New Joburg mayor faces uphill battle
The City of Johannesburg has a new mayor. Geoff Makhubo was elected mayor yesterday, surprisingly during the first round of voting.
It had been expected that the three-way contest, which saw the ANC's Makhubo run against a DA candidate and another one from the EFF, would take at least two rounds of voting to produce a winner.
But after three DA councilors decided to throw their lot in with the ANC and a number of smaller parties who backed Makhubo, the ANC managed to get more than the 136 votes it needed to win the race.
Despite this outright majority, there is now uncertainty as to whether Makhubo would be able to smoothly run the municipality, given that he may not be able to pass budgets.
While the smaller parties that backed Makhubo are likely to support the ANC in all major votes in council, the party will not be able to get past the 50% plus one threshold of votes if the DA replaces the three councillors who broke from its ranks.
This means that Makhubo is going to need the EFF's 30 councillors to vote with the ANC if he is to have his budgets passed.
But the EFF says it is not willing to support the ANC in such votes as it remains opposed to Makhubo's election. The party would have preferred a different ANC candidate to be elected.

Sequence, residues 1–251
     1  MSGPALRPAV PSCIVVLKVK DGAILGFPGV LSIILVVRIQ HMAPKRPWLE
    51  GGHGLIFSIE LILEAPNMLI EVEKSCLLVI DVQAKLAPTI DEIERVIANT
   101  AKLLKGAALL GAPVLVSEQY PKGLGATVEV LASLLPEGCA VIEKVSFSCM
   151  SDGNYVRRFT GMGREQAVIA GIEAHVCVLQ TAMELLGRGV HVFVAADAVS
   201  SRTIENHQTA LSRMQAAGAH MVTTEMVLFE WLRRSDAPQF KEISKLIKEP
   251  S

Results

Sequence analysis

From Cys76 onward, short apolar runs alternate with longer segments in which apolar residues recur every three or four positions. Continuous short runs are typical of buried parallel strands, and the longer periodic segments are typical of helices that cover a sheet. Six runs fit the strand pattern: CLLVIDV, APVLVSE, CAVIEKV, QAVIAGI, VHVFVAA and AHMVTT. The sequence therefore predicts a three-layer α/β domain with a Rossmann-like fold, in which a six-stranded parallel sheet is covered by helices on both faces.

If Makhubo's council is unable to pass budgets, the city will grind to a halt - forcing intervention from the provincial government. The potential crisis, as well as the fact that Joburg finds itself electing a new mayor right in the middle of the council's tenure, are indicative of the problems besetting coalition governments in the country.
With political pundits predicting that in the near future no single political party would be popular enough to be able to form a government on its own, coalitions are being touted as South Africa's future. However, the short-termism that often accompanies the negotiations over who would take what position often leaves governments, especially at local level, weak and unstable.
For the sake of the country's success, political parties should strive for long-term relationships where coalitions are determined not by convenience, but by shared goals.
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